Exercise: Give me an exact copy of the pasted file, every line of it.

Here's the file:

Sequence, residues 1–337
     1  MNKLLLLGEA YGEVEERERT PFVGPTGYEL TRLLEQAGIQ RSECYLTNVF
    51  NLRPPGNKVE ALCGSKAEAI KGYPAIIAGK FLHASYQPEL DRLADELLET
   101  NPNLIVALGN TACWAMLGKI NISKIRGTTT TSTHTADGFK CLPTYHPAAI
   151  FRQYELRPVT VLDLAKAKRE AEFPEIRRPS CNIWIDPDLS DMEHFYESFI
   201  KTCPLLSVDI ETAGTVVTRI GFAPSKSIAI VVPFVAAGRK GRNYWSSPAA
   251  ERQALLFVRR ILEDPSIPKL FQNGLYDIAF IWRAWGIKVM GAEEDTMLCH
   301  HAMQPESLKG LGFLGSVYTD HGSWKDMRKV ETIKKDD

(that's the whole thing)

Sequence, residues 1–337
     1  MNKLLLLGEA YGEVEERERT PFVGPTGYEL TRLLEQAGIQ RSECYLTNVF
    51  NLRPPGNKVE ALCGSKAEAI KGYPAIIAGK FLHASYQPEL DRLADELLET
   101  NPNLIVALGN TACWAMLGKI NISKIRGTTT TSTHTADGFK CLPTYHPAAI
   151  FRQYELRPVT VLDLAKAKRE AEFPEIRRPS CNIWIDPDLS DMEHFYESFI
   201  KTCPLLSVDI ETAGTVVTRI GFAPSKSIAI VVPFVAAGRK GRNYWSSPAA
   251  ERQALLFVRR ILEDPSIPKL FQNGLYDIAF IWRAWGIKVM GAEEDTMLCH
   301  HAMQPESLKG LGFLGSVYTD HGSWKDMRKV ETIKKDD